``````-- comments start with two consecutive hyphens
``````

## Truth values

``````True
False
``````

## Types

Constructor identifiers are used to name types; they must start with a capital letter.

• `Integral` class; two possible types:
• `Int` (fixed precision, overflow on hitting an architecture-specific size)
• `Integer` (arbitrary precision, unbounded)
• `Float` (floating point type)
• `Double` (higher precision than `Float`)
• `Bool` (boolean type)
• `Char` (character type)
• `String` (convenience type, equivalent to a list of `Char` types: `[Char]`)

Compare this with variable identifiers which are used to name functions; they must start with a lowercase letter. Identifier names are case-sensitive.

New types can be formed as follows:

• By list-formation eg. for type `a`, `[a]` is the type, "list of `a`"
• By tuple-formation eg. type `(a, b)` is the type, "a pair of type `a` then type `b`" (works for pairs, triples, quadruples and so forth)
• By function definition eg. type `a -> b` is the type of the function that expects arguments of type `a` and has a return value of type `b`
• Custom types defined using `data`

## Definition, identity and non-identity

• "defined as": `=`
• "identity": `==`
• "non-identity: `/=`

Types with which you can test for identity belong to the `Eq` class; types for which you can make ordinality comparisons are said to belong to the `Ord` class (a subclass of `Eq`):

• `>`
• `>=`
• `<`
• `<=`

A Haskell equation takes the form of `foo t = ...`, where `foo` is a function and `t` is an argument; arguments may be multiple:

``````-- this equation defines an "add" function
add x y = x + y

-- and this is how the function would be used:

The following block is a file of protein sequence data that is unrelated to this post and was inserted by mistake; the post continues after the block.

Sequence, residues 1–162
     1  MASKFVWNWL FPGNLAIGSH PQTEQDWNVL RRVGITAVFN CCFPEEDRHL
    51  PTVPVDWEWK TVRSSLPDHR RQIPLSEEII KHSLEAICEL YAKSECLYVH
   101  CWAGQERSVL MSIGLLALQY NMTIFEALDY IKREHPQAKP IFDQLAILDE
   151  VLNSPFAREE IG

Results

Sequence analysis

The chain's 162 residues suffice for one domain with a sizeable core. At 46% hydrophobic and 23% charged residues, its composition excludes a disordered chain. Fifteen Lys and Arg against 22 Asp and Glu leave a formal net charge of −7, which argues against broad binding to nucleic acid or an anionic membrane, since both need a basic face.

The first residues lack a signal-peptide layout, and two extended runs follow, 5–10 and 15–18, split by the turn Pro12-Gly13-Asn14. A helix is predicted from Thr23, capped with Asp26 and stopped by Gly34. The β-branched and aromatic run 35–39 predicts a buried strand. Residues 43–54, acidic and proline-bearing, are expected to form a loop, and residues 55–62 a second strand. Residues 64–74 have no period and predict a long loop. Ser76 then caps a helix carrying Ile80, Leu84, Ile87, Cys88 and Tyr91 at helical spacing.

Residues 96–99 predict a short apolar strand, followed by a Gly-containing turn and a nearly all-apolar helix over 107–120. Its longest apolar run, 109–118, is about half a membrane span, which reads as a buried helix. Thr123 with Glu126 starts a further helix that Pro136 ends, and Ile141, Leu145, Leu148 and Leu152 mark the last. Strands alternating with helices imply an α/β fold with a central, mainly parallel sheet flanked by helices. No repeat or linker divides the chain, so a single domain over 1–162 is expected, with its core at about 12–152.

``````

An optional-but-recommended, explicit type declaration could be prepended to the `add` function as follows:

``````-- indicate that two Integer input parameters are expected, and the result is an Integer too
add :: Integer -> Integer -> Integer
``````

## Operators

• Addition: `+`
• Greater-than: `>`
• Exponentiation: `^`
• Less-than-or-equal-to: `<=`

## Equation guarding and the condition operator

`|` is the Haskell condition operator. It is used in the following example function to determine which equation in the definition of the function, `foo`, should apply, depending on the input parameters:

``````-- raises x to the y if x and y sum to less than 100
-- otherwise multiplies x and y
foo x y | x + y < 100 = x ^ y
| otherwise   = x * y
``````

This is actually a shorthand for the longer form:

``````foo x y | x + y < 100 = x ^ y
foo x y |             = x * y
``````

## Keywords

These are reserved keywords which cannot be used as function names:

• `case`
• `class`
• `data`
• `default`
• `deriving`
• `do`
• `else`
• `if`
• `import`
• `in`
• `infix`
• `infixl`
• `infixr`
• `instance`
• `let`
• `module`
• `newtype`
• `of`
• `then`
• `type`
• `where`
• `_`